Life in the Spirit, and the Road Less Travelled

 

Today marks the start of the Christian feast of Lent,. It is known as Ash Wednesday. Catholics mark this day by attending Mass and receiving the sign of Christ’s mark in ashes. It is also the mark of the Blessed Trinity, God the Father, God the Son and God the Holy Spirit. Most non-Christians and atheists either frown upon this day, or dismiss it as yet another day in their lives, but with so many unanswered questions. A few years ago, we attended a funeral to mark the passing of a family member. One man remarked to me that every time he sets foot inside of a Church he has more questions still. I also have questions and they continue to plaque me to this day.

In the last few years, the Feast of Christmas came and went for me, leaving me more bereaved than the previous year. Christmas has been usurped by a series of pagan rituals and festivities which in essence have nothing to do with the Birth of Christ. For families, it is usually a time of gathering and paying respects to one another. Sometimes you meet family members that you have not seen for years. For me personally, my family gatherings have been a close-knit affair with little or no contact with the rest of the extended family. But, there is something about the earliest gatherings that I cannot suppress, because as a child, they were mostly joyful occasions. The child was spoilt with material gifts and could sit in his room for days afterwards cataloguing his unearned bounty.

He thought little of Christ who had nothing when He was born. And when He left this material, troubled world, He left it pretty much as He had come into it. Naked and vulnerable. Over two thousand years ago, there were some who rejoiced at His Birth, but when He was crucified by the Romans and Jews who persecuted Him and accused Him of treason and blasphemy, He was mourned by a few. Prominent amongst these mourners were His brother, John, His close friend Mary Magdalene and His Blessed Mother Mary. As a mother, Mary’s suffering, apart from Christ’s, was perhaps the worst and most tragic of all. No sooner had God literally given her a son, but He had taken the Son away from Her.

Bible

How confused she must have felt. It goes without saying that when we lose something in this life we experience similar feelings of confusion and empty loss, particularly when someone close to us has left the earth. In my case, it is no different. Sometimes I still mourn the passing of two different friends who were both close to me in ways that a stranger will never understand. In both cases their suffering was immense and would have been unbearable for me. When they passed on, it felt as though they had left us willingly, glad that their suffering was finally over. I often wonder how atheists feel about suffering, because they essentially believe that when the human body dies then that is it, there is nothing left over.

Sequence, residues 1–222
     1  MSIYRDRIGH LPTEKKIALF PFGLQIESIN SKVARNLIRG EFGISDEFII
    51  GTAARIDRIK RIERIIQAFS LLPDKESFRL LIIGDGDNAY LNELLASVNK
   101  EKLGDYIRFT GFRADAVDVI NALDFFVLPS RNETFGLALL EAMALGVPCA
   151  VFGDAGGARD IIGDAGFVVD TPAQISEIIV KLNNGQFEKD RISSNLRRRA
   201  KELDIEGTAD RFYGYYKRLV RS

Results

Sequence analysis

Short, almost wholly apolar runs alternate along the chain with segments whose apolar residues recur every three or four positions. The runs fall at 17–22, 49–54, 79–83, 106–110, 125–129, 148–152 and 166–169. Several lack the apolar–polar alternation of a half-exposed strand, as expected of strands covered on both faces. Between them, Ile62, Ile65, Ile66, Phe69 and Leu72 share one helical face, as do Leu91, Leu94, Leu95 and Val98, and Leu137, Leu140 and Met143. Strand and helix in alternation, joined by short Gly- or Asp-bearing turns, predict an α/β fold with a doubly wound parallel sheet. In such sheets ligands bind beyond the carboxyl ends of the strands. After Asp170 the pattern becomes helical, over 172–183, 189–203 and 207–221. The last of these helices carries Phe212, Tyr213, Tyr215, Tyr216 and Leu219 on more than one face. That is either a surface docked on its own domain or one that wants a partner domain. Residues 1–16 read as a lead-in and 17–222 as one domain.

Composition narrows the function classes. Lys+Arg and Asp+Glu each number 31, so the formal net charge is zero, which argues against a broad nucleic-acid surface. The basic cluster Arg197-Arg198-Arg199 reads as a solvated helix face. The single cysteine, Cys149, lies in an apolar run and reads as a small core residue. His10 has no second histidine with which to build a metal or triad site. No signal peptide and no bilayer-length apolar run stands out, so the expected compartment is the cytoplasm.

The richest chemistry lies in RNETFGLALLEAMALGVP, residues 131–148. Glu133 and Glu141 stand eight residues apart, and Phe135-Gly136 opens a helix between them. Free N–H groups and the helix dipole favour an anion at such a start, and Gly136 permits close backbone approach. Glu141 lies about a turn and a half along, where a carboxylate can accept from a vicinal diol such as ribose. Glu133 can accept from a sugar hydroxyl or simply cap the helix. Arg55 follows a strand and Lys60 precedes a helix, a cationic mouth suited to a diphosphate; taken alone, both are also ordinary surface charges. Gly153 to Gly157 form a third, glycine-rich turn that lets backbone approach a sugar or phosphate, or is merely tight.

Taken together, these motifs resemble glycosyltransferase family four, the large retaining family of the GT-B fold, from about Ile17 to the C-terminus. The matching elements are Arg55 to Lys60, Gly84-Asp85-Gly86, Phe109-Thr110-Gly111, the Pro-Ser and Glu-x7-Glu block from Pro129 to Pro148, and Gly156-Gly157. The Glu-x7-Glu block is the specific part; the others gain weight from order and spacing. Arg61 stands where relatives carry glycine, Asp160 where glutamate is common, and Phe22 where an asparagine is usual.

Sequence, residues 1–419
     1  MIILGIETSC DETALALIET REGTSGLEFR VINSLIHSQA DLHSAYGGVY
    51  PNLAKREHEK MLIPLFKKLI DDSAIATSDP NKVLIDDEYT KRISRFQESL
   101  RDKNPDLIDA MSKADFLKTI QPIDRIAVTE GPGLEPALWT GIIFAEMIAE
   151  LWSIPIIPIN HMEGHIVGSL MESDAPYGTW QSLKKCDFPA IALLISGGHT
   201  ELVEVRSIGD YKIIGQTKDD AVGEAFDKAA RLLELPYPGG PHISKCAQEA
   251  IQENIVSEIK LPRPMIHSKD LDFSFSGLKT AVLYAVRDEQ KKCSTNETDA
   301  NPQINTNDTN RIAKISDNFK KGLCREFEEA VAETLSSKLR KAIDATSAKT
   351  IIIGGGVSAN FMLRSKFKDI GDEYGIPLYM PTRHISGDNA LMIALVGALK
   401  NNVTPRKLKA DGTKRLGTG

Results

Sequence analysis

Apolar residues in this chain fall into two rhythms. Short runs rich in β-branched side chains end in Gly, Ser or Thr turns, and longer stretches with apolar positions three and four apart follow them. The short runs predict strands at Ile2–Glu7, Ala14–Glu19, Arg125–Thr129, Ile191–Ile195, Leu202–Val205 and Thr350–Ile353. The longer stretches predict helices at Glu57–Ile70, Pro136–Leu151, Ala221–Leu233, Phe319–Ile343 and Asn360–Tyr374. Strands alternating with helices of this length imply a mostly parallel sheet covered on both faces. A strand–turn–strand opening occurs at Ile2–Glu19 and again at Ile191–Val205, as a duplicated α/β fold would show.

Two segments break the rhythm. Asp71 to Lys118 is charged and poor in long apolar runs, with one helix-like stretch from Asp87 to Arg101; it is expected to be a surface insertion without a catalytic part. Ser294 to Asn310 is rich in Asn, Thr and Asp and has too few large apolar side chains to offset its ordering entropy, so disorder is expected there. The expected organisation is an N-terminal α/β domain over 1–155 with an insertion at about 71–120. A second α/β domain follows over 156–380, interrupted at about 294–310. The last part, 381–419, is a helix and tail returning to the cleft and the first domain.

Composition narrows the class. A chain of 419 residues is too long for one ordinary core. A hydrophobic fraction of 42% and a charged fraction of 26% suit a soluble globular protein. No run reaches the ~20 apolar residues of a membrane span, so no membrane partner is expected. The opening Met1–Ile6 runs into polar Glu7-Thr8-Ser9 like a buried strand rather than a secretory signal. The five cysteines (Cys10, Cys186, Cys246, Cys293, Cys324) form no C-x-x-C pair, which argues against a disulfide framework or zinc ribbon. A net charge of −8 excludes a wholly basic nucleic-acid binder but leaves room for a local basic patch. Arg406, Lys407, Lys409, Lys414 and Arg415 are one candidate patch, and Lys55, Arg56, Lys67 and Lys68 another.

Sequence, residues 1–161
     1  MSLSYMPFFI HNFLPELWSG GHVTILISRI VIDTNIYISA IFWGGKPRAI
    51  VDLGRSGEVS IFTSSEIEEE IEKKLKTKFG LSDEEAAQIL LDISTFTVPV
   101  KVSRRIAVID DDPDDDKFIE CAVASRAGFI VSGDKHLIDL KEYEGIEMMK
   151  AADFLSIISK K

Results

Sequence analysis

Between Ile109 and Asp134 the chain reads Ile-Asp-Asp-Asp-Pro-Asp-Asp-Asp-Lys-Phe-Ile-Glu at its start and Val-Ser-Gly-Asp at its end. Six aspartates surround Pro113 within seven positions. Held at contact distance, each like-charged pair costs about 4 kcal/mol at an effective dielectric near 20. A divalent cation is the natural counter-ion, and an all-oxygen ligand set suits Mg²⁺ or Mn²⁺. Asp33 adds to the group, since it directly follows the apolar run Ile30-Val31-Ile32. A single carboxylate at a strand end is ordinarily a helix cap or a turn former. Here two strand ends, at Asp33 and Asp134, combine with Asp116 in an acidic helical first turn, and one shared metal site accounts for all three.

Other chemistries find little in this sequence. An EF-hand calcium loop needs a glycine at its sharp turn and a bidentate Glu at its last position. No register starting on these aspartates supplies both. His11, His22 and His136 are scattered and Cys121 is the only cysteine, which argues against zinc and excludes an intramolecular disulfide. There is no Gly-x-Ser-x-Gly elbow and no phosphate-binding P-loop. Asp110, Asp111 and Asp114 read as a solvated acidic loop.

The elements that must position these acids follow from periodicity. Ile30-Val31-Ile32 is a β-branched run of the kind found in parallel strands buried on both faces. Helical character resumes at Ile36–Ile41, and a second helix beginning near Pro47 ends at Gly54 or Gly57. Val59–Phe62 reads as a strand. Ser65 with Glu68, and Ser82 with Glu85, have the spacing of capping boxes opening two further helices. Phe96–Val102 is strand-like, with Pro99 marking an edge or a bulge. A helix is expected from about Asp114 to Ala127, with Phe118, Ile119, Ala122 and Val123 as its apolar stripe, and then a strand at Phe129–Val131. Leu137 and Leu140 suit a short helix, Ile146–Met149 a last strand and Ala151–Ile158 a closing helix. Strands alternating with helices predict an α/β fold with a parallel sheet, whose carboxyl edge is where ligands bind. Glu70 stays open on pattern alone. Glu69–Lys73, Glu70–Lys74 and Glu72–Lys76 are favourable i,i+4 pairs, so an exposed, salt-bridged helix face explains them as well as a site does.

As Jesus Christ lamented on the Cross just seconds before He died, life is “finished”. So, it makes a little sense to me that this life, the physical one, should be lived as if each day was the last day on earth. So, another question then, why do non-believers continue to live hopeless, shallow and empty lives, merely living from one day to the next and bemoaning every bout of suffering that they are subjected to? For the believer, there is a conundrum, whether practising his or her faith as a Christian, Muslim, Jew, Buddhist, Hindu or any other religion that he or she is born into or chooses. Why is life so complicated, and why do we continue to suffer, even when we’ve made the correct choices, or dedicated our lives to doing what was taught to us, or commanded of us?

Why do some of us feel that we have so little, even when we have substantially more than brothers and sisters who live miles from us in shacks and still thousands more miles from us persecuted by the most cruel and bloodiest means imaginable to us. Yes, it is imaginary, because we watch their suffering in a detached manner in the confines of our room and never truly experience what they go through. I ask myself this question today, why am I suffering and why have I not achieved what I set out to gain in this world, particularly after making the proverbial leap of faith in order to get onto the road less travelled. For now, I can only think that I still stand at my fork in the road while still contemplating the point of no return.

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